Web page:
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Using the annihilator method to solve an ODE

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MarkFL

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Feb 24, 2012
13,775
Recently I was sent an ODE with the instructions to solve using the annihilator method which I have not used in over 15 years. This is my working, and I was hoping for feedback to see if I have correctly and efficiently applied the method.

Here is my working:

We are given the ODE:

(1) $\displaystyle y''+3y'-10y=xe^x+x+1$

Since $\displaystyle (D-1)^2$ annihilates $\displaystyle xe^x$ and $\displaystyle D^2$ annihilates $\displaystyle x+1$ then:

$\displaystyle A\equiv (D(D-1))^2$

annihilates $\displaystyle xe^x+x+1$.

Therefore, applying $\displaystyle A$ to both sides of (1) yields:

$\displaystyle A[y''+3y'-10y]=A[xe^x+x+1]$

$\displaystyle (D(D-1))^2(D^2+3D-10)[y]=0$

(2) $\displaystyle (D(D-1))^2(D+5)(D-2)[y]=0$

The auxiliary equation associated with (2) is:

$\displaystyle r^2(r-1)^2(r+5)(r-2)=0$

which has the roots:

$\displaystyle r=-5,\,0,\,1,\,2$ where the roots $\displaystyle r=0,\,1$ are repeated roots, i.e., of multiplicity 2.

Hence, a general solution to (2) is:

(3) $\displaystyle y(x)=c_1+c_2x+c_3e^x+c_4xe^x+c_5e^{2x}+c_6e^{-5x}$

Now, recall that a general solution to (1) is of the form $\displaystyle y(x)=y_h(x)+y_p(x)$. Since every solution to (1) is also a solution to (2), then $\displaystyle y(x)$ must have the form displayed on the right-hand side of (3). But, we recognize that:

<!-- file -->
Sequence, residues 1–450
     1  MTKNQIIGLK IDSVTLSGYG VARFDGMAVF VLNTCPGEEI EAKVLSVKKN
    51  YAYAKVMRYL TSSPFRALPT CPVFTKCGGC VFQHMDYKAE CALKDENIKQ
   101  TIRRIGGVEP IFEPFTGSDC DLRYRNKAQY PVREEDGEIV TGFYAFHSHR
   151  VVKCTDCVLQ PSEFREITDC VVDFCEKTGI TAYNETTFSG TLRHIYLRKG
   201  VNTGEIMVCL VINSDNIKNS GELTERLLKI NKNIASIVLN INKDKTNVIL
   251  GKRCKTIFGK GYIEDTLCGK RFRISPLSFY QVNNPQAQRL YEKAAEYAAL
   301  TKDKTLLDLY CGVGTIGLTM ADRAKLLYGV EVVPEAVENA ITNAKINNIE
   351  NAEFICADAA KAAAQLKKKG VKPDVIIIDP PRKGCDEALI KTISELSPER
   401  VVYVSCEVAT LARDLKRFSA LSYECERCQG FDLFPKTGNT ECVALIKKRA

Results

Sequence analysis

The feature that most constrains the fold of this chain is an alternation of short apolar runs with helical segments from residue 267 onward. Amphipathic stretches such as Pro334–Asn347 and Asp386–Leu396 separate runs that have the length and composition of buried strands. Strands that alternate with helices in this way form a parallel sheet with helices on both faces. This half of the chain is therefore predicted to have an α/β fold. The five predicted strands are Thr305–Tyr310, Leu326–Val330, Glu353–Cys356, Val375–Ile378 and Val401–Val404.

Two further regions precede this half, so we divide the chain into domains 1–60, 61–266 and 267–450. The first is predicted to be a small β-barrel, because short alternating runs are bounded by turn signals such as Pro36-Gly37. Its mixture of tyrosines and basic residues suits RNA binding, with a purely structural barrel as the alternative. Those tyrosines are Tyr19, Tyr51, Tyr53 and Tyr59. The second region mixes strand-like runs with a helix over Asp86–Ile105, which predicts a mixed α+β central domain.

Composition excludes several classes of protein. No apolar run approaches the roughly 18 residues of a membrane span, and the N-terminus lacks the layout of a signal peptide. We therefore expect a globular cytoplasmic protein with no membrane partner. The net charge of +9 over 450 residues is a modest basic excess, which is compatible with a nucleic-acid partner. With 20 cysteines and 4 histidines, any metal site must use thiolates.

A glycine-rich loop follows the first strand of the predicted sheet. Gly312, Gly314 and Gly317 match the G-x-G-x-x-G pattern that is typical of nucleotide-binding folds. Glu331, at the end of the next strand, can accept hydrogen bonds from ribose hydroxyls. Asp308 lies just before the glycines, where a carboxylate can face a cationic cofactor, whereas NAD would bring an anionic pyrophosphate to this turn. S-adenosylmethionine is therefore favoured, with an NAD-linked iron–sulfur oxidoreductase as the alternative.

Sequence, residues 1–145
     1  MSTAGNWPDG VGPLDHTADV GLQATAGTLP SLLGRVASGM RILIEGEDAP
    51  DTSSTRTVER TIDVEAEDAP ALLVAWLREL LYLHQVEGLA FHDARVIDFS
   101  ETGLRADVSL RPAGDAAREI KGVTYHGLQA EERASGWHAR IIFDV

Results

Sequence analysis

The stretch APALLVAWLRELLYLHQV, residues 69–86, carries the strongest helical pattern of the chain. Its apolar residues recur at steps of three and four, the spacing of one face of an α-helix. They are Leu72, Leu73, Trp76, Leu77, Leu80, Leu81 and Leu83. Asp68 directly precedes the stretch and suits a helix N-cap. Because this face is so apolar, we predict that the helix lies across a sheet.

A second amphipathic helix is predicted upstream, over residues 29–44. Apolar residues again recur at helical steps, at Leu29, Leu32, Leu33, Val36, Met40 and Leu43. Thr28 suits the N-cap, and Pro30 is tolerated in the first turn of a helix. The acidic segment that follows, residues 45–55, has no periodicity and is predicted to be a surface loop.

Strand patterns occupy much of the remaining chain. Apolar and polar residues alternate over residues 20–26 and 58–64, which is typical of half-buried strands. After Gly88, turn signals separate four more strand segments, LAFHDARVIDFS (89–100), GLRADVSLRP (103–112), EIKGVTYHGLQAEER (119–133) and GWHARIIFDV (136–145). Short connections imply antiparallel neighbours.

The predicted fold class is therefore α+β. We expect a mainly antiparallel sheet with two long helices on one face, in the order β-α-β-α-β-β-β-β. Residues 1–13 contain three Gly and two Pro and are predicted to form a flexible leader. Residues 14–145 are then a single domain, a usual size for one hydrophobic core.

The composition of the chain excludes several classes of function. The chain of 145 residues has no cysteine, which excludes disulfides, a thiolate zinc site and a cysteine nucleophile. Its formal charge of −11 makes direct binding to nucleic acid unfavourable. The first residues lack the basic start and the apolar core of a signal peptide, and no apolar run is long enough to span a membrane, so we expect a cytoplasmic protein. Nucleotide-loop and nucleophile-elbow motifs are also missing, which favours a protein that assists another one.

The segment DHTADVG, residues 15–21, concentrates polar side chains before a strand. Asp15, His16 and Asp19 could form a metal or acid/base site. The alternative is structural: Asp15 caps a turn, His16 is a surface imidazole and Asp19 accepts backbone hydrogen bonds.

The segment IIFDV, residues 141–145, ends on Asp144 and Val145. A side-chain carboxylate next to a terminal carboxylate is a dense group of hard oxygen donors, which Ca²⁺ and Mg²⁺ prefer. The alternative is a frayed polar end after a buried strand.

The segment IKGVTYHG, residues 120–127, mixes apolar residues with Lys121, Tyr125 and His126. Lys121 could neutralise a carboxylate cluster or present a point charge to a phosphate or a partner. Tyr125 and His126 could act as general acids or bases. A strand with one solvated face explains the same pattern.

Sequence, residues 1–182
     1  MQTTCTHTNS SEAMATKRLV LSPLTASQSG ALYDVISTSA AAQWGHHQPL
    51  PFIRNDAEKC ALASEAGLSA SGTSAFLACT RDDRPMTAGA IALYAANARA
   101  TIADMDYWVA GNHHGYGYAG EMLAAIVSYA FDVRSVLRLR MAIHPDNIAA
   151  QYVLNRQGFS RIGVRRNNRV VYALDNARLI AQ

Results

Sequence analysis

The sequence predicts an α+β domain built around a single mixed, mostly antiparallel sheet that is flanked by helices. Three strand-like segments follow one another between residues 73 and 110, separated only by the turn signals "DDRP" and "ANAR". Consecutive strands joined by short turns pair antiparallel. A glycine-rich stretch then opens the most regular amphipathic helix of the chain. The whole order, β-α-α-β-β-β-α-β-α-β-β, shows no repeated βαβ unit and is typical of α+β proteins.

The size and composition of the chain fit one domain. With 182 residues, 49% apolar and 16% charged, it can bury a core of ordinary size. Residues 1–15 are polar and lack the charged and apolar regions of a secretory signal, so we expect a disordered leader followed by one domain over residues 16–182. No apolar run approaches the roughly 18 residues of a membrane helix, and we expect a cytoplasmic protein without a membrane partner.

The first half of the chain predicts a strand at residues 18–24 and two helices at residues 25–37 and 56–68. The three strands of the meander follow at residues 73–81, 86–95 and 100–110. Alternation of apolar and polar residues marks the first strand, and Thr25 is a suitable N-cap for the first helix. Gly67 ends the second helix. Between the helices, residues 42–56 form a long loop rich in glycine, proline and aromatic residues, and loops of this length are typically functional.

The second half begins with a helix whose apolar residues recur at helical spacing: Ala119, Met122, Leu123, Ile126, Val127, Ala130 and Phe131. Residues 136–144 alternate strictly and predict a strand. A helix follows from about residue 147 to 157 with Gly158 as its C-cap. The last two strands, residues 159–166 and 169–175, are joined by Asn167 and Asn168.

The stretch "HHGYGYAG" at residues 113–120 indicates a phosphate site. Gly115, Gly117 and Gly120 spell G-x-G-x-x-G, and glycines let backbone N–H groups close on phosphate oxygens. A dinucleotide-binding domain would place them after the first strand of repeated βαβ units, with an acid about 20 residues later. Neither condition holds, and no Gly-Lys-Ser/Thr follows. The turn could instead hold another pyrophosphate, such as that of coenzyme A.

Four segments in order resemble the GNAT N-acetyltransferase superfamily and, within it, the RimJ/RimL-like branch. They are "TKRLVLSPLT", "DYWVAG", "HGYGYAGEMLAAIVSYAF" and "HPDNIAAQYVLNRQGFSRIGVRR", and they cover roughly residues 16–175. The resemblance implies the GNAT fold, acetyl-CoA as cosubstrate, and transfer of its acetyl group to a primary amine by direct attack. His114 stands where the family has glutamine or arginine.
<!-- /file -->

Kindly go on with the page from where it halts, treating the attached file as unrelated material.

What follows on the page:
$\displaystyle y_h(x)=c_5e^{2x}+c_6e^{-5x}$

and so there must exist a particular solution of the form:

$\displaystyle y_p(x)=c_1+c_2x+c_3e^x+c_4xe^x$

In order to substitute this into (1), we must first compute:

$\displaystyle y_p'(x)=c_2+c_3e^x+c_4e^x(x+1)$

$\displaystyle y_p''(x)=c_3e^x+c_4e^x(x+2)$

and so we find:

$\displaystyle (c_3e^x+c_4e^x(x+2))+3(c_2+c_3e^x+c_4e^x(x+1))-10(c_1+c_2x+c_3e^x+c_4xe^x)=xe^x+x+1$

Collecting like terms, we may write:

$\displaystyle (-6c_4)xe^x+(5c_4-6c_3)e^x+(-10c_2)x+(3c_2-10c_1)=(1)xe^x+(0)e^x+(1)x+(1)$

Equating coefficients yields:

$\displaystyle -6c_4=1\,\therefore\,c_4=-\frac{1}{6}$

$\displaystyle 5c_4-7c_3=0\,\therefore\,c_3=-\frac{5}{36}$

$\displaystyle -10c_2=1\,\therefore\,c_2=-\frac{1}{10}$

$\displaystyle 3c_2-10c_1=1\,\therefore\,c_1=-\frac{13}{100}$

Thus, we have:

$\displaystyle y_p(x)=-\frac{13}{100}-\frac{1}{10}x-\frac{5}{36}e^x-\frac{1}{6}xe^x$

and so, the general solution to (1) is:

$\displaystyle y(x)=c_1e^{2x}+c_2e^{-5x}-\frac{13}{100}-\frac{1}{10}x-\frac{5}{36}e^x-\frac{1}{6}xe^x$
 

Ackbach

Indicium Physicus
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Jan 26, 2012
4,197
The answer is correct. And the method used is annihilator, so you seem to have done it the way you wanted. There aren't any efficiencies that I see available more than what you've already done.
 
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MarkFL

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Feb 24, 2012
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Thank you, I just wanted to be sure I was doing this correctly and without any unnecessary steps.;)
 

topsquark

Well-known member
MHB Math Helper
Aug 30, 2012
1,140
I've never heard of this method.

Coooooool! (Rock)

-Dan
 

Ackbach

Indicium Physicus
Staff member
Jan 26, 2012
4,197
I've never heard of this method.

Coooooool! (Rock)

-Dan
Check out Dennis Zill's A First Course in Differential Equations, Section 4.5. Annihilator and superposition are two methods classified as "Undetermined Coefficients". They work on ODE's which are linear with constant coefficients, and where the RHS "consists of finite sums and products of constants, polynomials, exponential functions $e^{ax}$, sines, and cosines."
 
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MarkFL

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Feb 24, 2012
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I though the name Zill was familiar, Dennis G. Zill is the author of my old Calculus textbook.